The whole event had a sort of church fete feel and was sometimes a bit haphazardly executed. In fact I recall almost exactly the same event in the film, Coming to America. But you couldn't fault its earnestness or its aim. And quite frankly I would have been sick if it had come anywhere near the sweet slickness of the Oscars. Although it did nearly reach it on the congratulate everybody front.

It was rounded off with a rousing chorus of the African-American National Anthem. It was the first that I had heard that such a thing existed. It caused me a moment of consternation about whether I should stand and sing. After all, if the British National Anthem was played, I would be reluctant to stand up and sing. I would only do so because of peer pressure as in if the whole room was British and doing so. If another country's anthem was playing I would resolutely stay seated even if I was the only non-citizen there. Here, however, to remain seated would seem insulting; to stand up and sing seems presumptuous. But this wasn't an anthem for a nation as in physical country sense, but as in body of people, in particular a much put-upon ethnic group.

Like a lot of national anthems it's really just a hymn. It starts very uplifting, as it should, but it ends with a good, solid dose of God. Being a hymn, there is always that problem that all hymns (and national anthems) have: Even with all the words in front of you and the tune playing, you still have no idea how to actually sing it. In hymns words are stressed, elongated, shortened, sung higher, sung lower, sped up and slowed down all to a random pattern only known by the singers. There is never any indication or logic on where to do all these different things. You just have to know. In fact even if you do know a hymn, but then go to a different country or denomination and they sing the same hymn, they will have a completely different way of singing it. You can try to guess but you'll be wrong, and find yourself half way through a "lord" when everyone else is speeding through a "giving me his salvation;" or you'll be getting to the end of a constant, high-pitched line about angels being high and wing-ed, when everyone else is at the start belting out a "holy" that lasts four minutes and covers 5 octaves.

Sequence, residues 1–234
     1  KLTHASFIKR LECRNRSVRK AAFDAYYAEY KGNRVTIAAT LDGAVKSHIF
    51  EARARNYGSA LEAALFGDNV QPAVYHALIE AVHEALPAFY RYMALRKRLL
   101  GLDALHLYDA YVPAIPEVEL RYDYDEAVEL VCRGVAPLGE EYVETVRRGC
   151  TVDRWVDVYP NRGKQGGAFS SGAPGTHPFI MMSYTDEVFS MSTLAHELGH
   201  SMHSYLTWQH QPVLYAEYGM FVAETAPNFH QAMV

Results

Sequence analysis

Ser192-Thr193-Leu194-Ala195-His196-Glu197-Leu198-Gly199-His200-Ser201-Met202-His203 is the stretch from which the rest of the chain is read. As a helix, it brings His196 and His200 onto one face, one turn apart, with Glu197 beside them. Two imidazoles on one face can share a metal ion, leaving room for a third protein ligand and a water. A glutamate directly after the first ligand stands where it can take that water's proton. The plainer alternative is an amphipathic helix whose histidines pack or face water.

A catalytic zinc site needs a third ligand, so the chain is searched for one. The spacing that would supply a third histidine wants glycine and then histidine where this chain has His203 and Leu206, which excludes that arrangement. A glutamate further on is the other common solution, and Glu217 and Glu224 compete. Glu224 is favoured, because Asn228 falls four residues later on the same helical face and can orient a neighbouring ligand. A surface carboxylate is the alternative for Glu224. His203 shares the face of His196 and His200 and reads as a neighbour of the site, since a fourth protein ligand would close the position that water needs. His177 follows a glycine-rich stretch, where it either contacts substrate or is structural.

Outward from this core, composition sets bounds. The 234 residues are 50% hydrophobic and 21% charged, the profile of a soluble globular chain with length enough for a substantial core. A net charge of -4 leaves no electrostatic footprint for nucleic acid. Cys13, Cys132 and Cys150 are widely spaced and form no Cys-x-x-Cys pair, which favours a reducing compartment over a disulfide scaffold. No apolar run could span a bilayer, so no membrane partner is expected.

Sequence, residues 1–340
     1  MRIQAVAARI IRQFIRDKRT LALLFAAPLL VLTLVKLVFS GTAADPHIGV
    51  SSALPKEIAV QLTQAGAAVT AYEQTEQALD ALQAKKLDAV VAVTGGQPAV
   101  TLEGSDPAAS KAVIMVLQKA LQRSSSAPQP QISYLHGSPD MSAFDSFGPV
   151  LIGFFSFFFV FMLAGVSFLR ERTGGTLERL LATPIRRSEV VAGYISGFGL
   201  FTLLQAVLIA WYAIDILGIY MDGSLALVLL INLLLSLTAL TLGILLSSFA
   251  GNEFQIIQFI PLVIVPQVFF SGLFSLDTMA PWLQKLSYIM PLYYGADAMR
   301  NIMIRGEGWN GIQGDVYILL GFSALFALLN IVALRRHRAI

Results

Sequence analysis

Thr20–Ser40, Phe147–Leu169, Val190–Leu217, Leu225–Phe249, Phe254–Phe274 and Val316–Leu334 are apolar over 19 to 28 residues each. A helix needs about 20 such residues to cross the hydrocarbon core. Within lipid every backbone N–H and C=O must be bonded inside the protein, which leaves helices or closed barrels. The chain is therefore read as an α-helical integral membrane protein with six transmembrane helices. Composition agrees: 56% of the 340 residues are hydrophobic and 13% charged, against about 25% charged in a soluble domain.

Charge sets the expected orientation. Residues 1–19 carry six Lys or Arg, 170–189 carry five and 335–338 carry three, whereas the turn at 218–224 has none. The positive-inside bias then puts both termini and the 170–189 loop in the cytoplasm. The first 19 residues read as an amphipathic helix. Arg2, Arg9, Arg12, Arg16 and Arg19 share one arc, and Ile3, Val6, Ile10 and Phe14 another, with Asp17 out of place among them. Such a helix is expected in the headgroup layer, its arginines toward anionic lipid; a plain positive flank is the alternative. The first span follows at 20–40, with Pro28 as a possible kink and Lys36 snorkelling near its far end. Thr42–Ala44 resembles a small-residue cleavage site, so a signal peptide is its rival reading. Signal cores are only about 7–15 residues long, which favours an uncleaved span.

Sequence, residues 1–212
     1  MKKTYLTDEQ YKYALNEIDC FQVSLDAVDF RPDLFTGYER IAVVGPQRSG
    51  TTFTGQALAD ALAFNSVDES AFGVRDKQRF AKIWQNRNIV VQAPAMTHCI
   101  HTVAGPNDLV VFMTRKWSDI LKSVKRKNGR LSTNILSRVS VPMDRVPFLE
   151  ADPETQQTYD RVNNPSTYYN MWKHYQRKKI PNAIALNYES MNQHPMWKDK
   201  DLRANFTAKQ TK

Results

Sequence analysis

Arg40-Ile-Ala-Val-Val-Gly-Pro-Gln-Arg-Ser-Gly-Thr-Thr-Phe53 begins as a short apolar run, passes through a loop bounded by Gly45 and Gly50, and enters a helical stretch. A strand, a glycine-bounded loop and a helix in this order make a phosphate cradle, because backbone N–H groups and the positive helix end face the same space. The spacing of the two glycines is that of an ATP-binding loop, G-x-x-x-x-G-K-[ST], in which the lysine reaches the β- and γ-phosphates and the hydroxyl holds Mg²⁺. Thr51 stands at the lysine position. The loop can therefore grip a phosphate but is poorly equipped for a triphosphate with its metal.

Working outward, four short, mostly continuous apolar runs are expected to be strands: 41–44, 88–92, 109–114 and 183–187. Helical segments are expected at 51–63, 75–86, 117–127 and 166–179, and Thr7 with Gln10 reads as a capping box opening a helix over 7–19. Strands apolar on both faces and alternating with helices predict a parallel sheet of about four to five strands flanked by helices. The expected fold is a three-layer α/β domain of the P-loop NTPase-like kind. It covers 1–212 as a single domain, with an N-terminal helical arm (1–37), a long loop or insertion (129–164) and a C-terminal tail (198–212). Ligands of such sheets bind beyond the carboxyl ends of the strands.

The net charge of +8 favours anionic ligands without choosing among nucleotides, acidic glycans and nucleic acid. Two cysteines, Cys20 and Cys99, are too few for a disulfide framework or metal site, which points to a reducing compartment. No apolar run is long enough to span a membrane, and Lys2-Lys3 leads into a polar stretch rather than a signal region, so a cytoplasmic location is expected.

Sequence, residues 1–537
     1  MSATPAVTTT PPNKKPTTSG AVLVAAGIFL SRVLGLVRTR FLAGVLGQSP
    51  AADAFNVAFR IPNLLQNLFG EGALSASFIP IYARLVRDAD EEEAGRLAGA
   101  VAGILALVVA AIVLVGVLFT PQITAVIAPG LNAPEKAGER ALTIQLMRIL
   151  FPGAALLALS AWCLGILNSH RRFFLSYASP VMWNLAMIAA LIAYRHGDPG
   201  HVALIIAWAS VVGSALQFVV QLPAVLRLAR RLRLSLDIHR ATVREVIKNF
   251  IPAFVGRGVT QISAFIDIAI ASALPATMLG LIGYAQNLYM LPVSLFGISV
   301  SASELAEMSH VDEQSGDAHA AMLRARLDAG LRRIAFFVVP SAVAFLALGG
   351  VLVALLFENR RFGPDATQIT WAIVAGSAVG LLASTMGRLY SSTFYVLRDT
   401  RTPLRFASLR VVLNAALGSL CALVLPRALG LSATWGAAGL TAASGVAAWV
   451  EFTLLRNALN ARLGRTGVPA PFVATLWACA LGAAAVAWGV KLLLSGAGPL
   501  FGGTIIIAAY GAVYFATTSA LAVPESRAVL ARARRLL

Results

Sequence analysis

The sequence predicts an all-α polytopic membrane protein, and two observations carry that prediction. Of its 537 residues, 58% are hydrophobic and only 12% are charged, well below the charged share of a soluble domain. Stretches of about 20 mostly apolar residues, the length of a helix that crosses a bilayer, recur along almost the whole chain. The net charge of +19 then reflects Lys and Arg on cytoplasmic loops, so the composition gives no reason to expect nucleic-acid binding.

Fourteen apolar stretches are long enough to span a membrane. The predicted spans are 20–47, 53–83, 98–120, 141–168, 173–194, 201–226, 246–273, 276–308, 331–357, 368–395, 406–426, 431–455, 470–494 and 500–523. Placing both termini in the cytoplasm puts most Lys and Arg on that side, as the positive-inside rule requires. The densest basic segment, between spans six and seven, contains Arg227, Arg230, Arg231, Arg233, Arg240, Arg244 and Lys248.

Anyway, I digress. The evening was an education and nicely outside my normal sphere of experience. It's not often I get to witness firsthand an (admittedly atypical) slice of Black American Christian life, being as I am a White European Atheist. As Criswell once put it, "Can you prove that it didn't happen?"

Monday, May 14, 2007

Wii all play together